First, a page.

How to Manage Your Expenses During Inflation

Are the effects of inflation slowly creeping up on you? Perhaps your grocery bills are up $300 a month, and your trip to Hawaii was almost double the cost of the one you took a few years ago.

Here are some valuable tips to prepare your finances and stay ahead of inflation.

What is inflation?

Inflation is the increase in the price of goods and services over a period of time.

The value of money decreases, and the cost of living goes up. This may be due to several reasons, such as printing more money, an imbalance between demand and supply, or an increase in cost along the supply chain. 

Inflation is significantly more impactful for business owners than individuals because business owners feel the pressure from both sides—your business and personal expenses.

How to Manage Your Expenses During Rising Inflation

One of the most important things to get organized on during high inflation is your cash flow plan. 

A cash flow plan will help keep you on track towards your goals, help prioritize your expenses, and avoid financial hardship. 

If you don’t have a cash flow plan, the first step is to build one. 

If you have a cash flow plan, you want to review every expenditure in your cash flow. Look over the past several months, and see where you’re overspending and where inflation is hitting the hardest. You may need to readjust your plan and the allocation of money. 

There are three main areas of your cash flow plan that you want to allocate funds to.

  • Goals: Your goals should be the most important area. Think of them as your five big rocks, the areas you want to allocate money to first so you don’t look back and feel like you’re behind on your goals. Money towards your long-term goals should stay inside your holding company. Money towards your short-term goals should be in your personal savings account.
  • Committed expenses: These are generally fixed expenses, such as mortgage payments, insurance, and car payments. They’re quite consistent and often aren’t hit as hard by inflation.
  • Weekly spendable expenses: This is money you’re allocating towards your day-to-day lifestyle, like groceries, dining out, kids’ activities, and travel. Your spendable expenses are likely to get hit the hardest by inflation, but you might not notice those prices going up until you see your credit card bills and start tracking.

How to Cope With Inflation

Don’t let the rising costs impact your cash flow to the effect that you’re not accomplishing your goals. Here are some tips on how to deal with inflation and stay ahead of the curve.

1. Pull money out of your corporation or personal savings account

If you want to maintain your lifestyle and continue spending as you do now, you’ll need more cash available.

You can pay yourself extra dividends from your corporation, or if you have some personal savings or a slush fund built up over the years, you can use that to allocate money towards your day-to-day expenses and weekly cash flow.

The main thing to be mindful of with taking money out of your corporation or savings account is that this will possibly affect your goals.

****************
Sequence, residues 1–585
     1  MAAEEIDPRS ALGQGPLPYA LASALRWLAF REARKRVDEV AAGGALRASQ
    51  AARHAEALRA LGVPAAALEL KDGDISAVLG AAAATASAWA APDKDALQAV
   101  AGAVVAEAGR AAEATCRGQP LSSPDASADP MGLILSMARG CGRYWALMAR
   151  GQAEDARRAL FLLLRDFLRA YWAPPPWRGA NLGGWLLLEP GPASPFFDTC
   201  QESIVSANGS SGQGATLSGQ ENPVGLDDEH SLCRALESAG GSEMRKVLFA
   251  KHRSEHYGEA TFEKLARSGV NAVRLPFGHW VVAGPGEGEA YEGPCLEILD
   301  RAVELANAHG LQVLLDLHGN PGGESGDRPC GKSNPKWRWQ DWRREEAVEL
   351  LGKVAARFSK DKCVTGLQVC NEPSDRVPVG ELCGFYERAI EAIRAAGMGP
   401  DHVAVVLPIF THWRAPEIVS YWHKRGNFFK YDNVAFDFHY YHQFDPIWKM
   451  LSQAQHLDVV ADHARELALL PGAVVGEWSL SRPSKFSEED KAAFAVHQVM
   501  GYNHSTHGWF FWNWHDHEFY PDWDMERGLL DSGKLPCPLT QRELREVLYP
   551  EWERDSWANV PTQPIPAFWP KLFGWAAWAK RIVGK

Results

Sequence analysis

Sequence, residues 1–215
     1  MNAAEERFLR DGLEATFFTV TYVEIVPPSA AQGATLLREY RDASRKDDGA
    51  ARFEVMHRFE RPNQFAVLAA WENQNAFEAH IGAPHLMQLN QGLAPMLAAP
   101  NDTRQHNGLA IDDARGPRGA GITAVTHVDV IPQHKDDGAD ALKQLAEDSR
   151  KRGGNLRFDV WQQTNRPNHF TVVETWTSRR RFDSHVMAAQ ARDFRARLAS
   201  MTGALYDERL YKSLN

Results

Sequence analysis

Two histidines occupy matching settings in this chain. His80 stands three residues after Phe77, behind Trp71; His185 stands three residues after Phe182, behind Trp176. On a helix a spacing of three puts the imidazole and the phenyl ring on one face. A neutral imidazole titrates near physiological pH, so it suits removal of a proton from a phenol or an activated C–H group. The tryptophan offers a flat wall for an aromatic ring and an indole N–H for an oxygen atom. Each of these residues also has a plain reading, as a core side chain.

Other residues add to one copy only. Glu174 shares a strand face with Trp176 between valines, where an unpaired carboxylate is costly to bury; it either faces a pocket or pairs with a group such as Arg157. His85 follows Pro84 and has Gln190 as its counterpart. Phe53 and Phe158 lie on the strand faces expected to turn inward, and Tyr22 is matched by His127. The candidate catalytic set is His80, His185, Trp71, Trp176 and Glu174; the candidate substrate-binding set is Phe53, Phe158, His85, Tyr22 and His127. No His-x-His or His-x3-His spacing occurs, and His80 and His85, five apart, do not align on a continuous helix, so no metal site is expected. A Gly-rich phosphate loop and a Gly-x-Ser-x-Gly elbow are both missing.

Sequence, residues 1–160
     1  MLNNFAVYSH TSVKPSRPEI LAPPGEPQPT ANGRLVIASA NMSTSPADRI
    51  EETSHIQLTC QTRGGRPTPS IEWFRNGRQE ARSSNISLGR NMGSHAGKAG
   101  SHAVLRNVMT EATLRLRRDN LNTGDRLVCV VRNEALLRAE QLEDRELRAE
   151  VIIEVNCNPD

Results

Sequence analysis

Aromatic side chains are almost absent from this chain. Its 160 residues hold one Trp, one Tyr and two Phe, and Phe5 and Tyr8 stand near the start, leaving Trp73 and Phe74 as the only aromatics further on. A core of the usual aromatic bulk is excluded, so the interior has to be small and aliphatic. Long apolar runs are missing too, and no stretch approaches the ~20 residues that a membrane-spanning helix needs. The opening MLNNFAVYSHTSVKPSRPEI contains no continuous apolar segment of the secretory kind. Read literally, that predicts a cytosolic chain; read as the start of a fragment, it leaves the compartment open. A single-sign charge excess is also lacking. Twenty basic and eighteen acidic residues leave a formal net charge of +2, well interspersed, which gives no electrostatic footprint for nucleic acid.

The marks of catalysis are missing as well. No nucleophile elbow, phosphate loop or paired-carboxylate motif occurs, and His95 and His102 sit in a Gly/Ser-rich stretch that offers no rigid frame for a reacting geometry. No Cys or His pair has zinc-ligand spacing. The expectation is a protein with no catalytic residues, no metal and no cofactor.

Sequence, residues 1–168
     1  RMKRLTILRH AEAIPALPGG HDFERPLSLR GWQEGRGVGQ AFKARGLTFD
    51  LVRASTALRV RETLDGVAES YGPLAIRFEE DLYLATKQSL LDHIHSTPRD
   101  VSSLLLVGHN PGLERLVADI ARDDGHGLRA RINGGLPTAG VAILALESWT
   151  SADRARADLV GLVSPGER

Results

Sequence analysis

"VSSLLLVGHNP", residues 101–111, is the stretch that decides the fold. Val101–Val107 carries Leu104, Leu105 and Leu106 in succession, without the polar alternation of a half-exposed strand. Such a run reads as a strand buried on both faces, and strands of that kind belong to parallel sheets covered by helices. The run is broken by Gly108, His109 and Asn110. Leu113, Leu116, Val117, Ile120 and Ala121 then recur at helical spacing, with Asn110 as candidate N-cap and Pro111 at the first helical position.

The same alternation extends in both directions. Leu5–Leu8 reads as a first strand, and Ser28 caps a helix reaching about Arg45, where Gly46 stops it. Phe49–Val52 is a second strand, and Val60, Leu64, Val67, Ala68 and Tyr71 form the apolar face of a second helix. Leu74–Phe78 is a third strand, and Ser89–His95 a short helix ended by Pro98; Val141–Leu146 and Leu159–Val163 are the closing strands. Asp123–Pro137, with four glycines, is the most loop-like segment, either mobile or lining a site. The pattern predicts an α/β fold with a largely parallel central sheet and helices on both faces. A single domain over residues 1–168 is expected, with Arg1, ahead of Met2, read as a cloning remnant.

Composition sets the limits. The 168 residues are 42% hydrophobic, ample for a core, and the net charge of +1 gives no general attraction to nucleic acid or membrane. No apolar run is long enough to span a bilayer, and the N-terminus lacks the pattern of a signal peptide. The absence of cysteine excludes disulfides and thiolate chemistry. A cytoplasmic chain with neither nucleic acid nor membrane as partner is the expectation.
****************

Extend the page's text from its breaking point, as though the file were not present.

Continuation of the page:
You have a situation where you’re dipping into money allocated towards the goals you’re ultimately trying to accomplish.

(Thinking about how a recession can impact you? Here’s how you can prepare yourself and your business)

2. Adjust your lifestyle 

Alternatively, you can change your lifestyle and cut back to maintain your original cash flow plan and be on track to reach your goals. This would mean a tighter budget, which can look like dining out less, opting for cheaper brands at the grocery store, or shopping less.

If you don’t necessarily love having a tighter budget, keep in mind inflation won’t be here forever. For the time being, this will allow you to maintain money towards the most important goals in your life and stay on track.

3. A combination of pulling extra money out and minorly adjusting your lifestyle

A hybrid approach involves cutting back on some day-to-day things while continuing to enjoy life. 

For example, if going on vacation remains important to you, you can continue vacationing by cutting back in other ways and taking a little bit of money out of your corporation or savings account. 

The combination of taking a bit of money from your goals and curbing other areas in your spendable expenses will ensure that you’re still enjoying your life without affecting your goals long term.

This will help overcome inflation and work with the increasing costs of our day-to-day lives.

(Don’t let your debt fall to the bottom of the pile, here’s how you can strategically pay off your debt during inflation)

Watch the video on this topic

Staying On Track

Having an effective and clear cash flow plan is ultimately the most important thing.

If you don’t have that cash flow plan in place, you won’t know where your money is going. You’ll look back and feel like you should be further ahead because that money didn’t go to the right areas.

Organizing your financial future is now more important than ever. Book a call to create a  customized financial plan built around your biggest goals so your money works for you in the right places. 

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